Chapter 12

Turmoil: Deng Xiaoping, Part II 1904-1997

Unlike Cixi, Sun Yat-sen or Mao, Deng Xiaoping left no grand mausoleum behind. Deng's "monument" was China's restoration to wealth and power. But the stability this wealth required to flourish was dearly bought on the flagstones of Tiananmen Square.


1984  From Rural Reform to Urban Unrest

In the first few years under Deng’s leadership China’s rural areas made great strides, but rising prices led to unrest in urban areas. Corruption, primarily in the form of bribes, became an increasing part of everyday life.

Deng Xiaoping in 1979

1985  Profile of Fang Lizhi

A new face of Chinese dissidence emerged in the mid 1980s in Beijing, an Astrophysics professor named Fang Lizhi. With his physics background, the Western press dubbed Fang, “China’s Sakharov.”

At a speech at Beijing University in November 1985, Fang urged the students in the audience to:

“…be open to different ways of thinking…and willing to adopt the elements of those cultures that are clearly superior. A great diversity of thought should be allowed in colleges and universities. For if all thought is narrow and simplistic, creativity will die. At present there are certainly some people in power who still insist on dictating to others according to their own narrow principles…We must not be afraid to speak openly about these things. In fact, it is our duty.” (Wealth and Power, page 300)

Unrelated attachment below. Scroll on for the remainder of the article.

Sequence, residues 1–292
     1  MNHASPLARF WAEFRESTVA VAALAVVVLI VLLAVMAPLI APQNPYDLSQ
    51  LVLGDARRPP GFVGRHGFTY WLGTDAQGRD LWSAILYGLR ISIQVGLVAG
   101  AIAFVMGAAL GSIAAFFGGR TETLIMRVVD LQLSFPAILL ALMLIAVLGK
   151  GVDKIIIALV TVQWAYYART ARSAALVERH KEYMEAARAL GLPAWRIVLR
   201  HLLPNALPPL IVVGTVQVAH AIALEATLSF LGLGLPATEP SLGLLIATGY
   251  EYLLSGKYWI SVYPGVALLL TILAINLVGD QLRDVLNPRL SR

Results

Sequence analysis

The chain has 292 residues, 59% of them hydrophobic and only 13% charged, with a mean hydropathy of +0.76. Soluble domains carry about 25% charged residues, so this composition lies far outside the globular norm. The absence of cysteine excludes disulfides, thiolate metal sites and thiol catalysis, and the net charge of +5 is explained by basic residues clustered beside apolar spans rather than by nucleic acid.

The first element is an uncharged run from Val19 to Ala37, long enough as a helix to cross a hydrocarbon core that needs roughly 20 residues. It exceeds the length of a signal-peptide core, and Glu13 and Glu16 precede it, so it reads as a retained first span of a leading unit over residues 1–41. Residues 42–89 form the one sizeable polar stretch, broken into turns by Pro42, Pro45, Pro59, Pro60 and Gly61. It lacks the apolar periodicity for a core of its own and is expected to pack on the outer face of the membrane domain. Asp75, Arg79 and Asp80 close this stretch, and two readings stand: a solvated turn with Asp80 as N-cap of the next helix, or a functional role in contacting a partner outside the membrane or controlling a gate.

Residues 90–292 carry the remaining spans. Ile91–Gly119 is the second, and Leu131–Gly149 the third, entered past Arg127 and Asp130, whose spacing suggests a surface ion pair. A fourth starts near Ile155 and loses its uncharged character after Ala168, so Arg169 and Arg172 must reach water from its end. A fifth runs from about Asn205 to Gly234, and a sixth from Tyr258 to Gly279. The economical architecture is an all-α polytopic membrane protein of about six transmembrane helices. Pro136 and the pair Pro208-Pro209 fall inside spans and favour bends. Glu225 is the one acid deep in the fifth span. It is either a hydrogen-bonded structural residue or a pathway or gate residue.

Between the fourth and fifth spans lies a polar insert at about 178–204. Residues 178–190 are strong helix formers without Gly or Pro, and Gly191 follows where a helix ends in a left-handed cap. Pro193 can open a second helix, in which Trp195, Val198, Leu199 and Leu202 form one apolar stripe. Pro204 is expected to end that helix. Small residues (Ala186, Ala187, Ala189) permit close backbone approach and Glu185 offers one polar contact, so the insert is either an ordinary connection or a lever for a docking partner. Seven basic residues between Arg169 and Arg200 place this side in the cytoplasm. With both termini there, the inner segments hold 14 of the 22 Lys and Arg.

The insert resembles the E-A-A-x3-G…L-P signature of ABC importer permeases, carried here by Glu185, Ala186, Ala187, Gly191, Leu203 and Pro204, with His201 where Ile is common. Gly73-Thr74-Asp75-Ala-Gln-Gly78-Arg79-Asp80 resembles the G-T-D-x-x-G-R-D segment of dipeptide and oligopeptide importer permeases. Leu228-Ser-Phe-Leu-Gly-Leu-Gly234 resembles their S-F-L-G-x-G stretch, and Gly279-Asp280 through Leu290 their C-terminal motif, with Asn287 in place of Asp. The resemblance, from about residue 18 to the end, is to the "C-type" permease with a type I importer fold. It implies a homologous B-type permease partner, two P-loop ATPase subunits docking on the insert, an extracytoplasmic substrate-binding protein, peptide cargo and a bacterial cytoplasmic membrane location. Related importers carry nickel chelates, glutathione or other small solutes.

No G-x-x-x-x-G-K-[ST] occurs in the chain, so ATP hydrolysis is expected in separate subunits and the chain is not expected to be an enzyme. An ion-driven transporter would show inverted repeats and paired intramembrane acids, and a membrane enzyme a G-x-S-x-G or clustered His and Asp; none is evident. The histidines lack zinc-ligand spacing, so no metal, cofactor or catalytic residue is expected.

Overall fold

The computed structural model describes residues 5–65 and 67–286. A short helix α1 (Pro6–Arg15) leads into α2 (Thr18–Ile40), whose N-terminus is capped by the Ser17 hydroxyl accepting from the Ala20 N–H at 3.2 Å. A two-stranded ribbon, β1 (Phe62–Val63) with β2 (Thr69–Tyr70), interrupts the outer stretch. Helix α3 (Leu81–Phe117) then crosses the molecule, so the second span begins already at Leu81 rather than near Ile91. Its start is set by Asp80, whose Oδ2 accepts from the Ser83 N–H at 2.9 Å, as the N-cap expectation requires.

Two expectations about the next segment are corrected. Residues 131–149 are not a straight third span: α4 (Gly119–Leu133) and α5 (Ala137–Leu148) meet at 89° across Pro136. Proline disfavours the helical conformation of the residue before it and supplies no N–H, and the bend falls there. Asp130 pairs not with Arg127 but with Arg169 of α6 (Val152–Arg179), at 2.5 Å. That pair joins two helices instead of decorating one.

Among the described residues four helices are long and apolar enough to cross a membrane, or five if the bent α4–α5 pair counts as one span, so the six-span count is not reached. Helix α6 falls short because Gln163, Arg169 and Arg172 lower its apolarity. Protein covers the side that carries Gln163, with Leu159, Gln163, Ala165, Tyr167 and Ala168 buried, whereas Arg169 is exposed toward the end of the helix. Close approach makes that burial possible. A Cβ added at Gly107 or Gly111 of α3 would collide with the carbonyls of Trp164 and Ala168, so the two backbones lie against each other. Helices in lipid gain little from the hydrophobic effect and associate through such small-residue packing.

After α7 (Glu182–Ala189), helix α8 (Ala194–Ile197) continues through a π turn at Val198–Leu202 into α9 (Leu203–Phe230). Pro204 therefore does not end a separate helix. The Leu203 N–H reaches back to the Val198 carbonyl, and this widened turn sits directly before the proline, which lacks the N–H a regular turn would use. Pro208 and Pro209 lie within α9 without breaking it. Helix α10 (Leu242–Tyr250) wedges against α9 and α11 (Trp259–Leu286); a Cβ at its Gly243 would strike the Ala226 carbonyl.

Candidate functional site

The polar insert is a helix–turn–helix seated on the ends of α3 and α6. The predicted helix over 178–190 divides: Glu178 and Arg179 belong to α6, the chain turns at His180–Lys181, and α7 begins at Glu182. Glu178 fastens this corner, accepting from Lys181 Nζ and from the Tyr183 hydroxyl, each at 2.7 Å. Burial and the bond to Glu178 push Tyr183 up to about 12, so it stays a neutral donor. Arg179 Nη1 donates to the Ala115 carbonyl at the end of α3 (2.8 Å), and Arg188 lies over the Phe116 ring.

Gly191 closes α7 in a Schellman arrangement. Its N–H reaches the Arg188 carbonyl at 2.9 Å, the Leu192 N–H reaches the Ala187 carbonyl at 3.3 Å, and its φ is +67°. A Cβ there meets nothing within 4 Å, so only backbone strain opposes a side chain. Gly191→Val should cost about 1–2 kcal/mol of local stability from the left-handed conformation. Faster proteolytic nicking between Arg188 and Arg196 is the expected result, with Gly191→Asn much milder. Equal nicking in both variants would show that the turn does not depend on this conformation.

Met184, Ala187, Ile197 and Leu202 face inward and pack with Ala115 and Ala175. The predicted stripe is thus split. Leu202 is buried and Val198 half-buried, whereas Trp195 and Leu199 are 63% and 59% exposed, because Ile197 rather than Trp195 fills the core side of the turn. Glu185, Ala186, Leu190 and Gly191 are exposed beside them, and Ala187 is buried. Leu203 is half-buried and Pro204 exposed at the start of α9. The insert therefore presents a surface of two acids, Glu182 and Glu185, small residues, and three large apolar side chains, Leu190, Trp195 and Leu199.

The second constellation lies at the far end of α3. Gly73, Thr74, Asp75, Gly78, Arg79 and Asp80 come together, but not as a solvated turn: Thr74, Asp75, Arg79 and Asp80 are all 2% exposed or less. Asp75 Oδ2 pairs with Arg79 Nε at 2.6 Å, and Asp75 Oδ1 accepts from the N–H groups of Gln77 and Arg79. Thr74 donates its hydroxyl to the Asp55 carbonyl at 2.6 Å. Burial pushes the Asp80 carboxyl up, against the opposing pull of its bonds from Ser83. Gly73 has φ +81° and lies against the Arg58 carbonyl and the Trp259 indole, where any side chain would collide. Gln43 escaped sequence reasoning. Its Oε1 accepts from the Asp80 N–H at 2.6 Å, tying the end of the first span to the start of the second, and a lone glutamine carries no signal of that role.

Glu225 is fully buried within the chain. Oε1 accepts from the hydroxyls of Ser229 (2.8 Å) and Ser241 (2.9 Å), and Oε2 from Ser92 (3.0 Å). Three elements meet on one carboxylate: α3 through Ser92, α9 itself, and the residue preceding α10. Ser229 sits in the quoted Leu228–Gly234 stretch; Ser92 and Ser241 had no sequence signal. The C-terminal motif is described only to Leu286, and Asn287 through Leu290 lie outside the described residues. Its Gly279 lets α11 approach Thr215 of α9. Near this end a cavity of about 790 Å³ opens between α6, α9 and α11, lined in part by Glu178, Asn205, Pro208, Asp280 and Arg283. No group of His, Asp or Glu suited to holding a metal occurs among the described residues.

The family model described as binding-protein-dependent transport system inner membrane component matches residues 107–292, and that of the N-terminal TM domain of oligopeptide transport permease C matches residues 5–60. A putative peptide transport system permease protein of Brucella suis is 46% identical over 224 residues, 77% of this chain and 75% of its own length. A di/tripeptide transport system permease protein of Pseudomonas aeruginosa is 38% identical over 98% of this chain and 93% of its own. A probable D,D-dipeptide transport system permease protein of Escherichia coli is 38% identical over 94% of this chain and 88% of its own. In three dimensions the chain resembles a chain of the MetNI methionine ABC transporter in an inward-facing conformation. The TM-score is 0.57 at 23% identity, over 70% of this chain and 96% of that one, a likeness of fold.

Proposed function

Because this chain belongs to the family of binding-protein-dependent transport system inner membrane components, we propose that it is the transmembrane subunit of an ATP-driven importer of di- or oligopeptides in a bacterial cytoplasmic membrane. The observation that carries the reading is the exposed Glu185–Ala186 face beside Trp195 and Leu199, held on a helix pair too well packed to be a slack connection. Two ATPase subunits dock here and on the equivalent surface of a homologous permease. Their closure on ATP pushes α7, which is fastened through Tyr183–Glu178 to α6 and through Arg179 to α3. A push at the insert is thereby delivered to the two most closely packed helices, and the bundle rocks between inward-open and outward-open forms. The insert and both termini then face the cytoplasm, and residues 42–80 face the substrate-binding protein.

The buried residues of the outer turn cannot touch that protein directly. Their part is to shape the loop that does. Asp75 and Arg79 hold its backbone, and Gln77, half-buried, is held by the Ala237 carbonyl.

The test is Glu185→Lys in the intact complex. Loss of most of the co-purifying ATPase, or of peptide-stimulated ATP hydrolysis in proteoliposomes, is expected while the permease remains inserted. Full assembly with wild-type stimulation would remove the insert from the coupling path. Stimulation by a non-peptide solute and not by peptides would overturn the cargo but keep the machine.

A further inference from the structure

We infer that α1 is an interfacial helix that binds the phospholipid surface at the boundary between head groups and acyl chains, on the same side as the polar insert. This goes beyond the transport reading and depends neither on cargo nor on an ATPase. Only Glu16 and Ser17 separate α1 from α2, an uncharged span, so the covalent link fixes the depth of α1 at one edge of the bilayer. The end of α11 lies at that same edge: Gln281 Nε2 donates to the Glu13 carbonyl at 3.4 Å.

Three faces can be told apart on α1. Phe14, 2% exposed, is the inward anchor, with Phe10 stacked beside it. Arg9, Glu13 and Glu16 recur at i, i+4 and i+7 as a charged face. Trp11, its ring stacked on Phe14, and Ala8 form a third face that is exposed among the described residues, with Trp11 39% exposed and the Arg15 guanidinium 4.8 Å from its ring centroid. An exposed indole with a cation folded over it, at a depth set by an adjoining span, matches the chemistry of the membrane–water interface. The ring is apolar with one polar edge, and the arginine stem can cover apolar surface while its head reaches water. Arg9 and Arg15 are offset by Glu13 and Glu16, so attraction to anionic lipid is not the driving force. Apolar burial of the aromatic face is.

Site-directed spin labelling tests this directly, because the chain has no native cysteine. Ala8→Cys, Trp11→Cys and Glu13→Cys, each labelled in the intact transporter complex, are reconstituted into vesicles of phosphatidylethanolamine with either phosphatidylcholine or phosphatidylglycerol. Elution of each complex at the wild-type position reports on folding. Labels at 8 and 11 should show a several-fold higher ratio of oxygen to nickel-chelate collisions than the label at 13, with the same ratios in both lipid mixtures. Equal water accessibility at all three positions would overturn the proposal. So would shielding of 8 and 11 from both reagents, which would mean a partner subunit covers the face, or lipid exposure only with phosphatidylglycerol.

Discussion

Fang became the voice of a growing student movement that would culminate in the events of June 4, 1989. When Fang passed away suddenly in Arizona in 2012 at age 76, translator and scholar Perry Link penned this tribute in the New York Review of Books, detailing Fang’s importance and legacy.

1987  Dissent Spreads

Student unrest followed Fang Lizhi around the country, but after ousting his chosen successor Hu Yaobang for being slow to respond, Deng clamped down.

But tensions lingered under the surface. The controversial documentary River Elegy, aired on Chinese TV in 1988, encapsulated some of the difficult questions China continued to face. What role would traditional culture have on China’s reform? What difficulties lay ahead for a modernizing China? After two airings, the central government decided the documentary’s critiques were too thinly veiled and pulled it from the airwaves.

1989  The Buildup to Tiananmen Square

Tiananmen Square already had a long history as a staging ground for political unrest.

Hu Yaobang’s sudden death in April 1989 began another chapter in that history. In a scene similar to the one that followed Zhou Enlai’s death in 1976, mourners flocked to the square to honor the liberal Hu. Deng tripped up when he challenged the protestors’ patriotism in a People’s Daily editorial, causing tempers in the square to flare.

The protests could not have happened at a more complicated time for China’s leadership. Soviet leader Gorbachev was expected in Beijing on May 14th, and the cameras and satellites of the world were trained on the Chinese capital. After a hunger strike and an awkward televised meeting between students and the leadership, Zhao Ziyang entered the square to make one last plea with students to back down. For his actions, Zhao Ziyang was deposed by Deng Xiaoping, and spent the rest of his life confined to his home, No. 6 Fuqiang Alley.

Footage from the meeting between Premier Li Peng and the students is included in the documentary, Gate of Heavenly Peace, available here for now.